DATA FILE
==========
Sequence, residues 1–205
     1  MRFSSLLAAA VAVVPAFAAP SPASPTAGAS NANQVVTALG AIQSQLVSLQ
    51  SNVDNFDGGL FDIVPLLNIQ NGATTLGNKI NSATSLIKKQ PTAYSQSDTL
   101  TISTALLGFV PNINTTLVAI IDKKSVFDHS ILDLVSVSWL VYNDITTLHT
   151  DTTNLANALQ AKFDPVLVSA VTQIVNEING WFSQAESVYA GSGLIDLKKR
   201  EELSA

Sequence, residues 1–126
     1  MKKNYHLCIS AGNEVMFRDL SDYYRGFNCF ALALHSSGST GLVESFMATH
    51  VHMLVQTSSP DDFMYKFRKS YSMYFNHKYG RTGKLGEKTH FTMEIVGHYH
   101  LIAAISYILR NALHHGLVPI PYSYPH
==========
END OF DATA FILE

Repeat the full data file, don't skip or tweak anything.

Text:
Sequence, residues 1–205
     1  MRFSSLLAAA VAVVPAFAAP SPASPTAGAS NANQVVTALG AIQSQLVSLQ
    51  SNVDNFDGGL FDIVPLLNIQ NGATTLGNKI NSATSLIKKQ PTAYSQSDTL
   101  TISTALLGFV PNINTTLVAI IDKKSVFDHS ILDLVSVSWL VYNDITTLHT
   151  DTTNLANALQ AKFDPVLVSA VTQIVNEING WFSQAESVYA GSGLIDLKKR
   201  EELSA

Sequence, residues 1–126
     1  MKKNYHLCIS AGNEVMFRDL SDYYRGFNCF ALALHSSGST GLVESFMATH
    51  VHMLVQTSSP DDFMYKFRKS YSMYFNHKYG RTGKLGEKTH FTMEIVGHYH
   101  LIAAISYILR NALHHGLVPI PYSYPH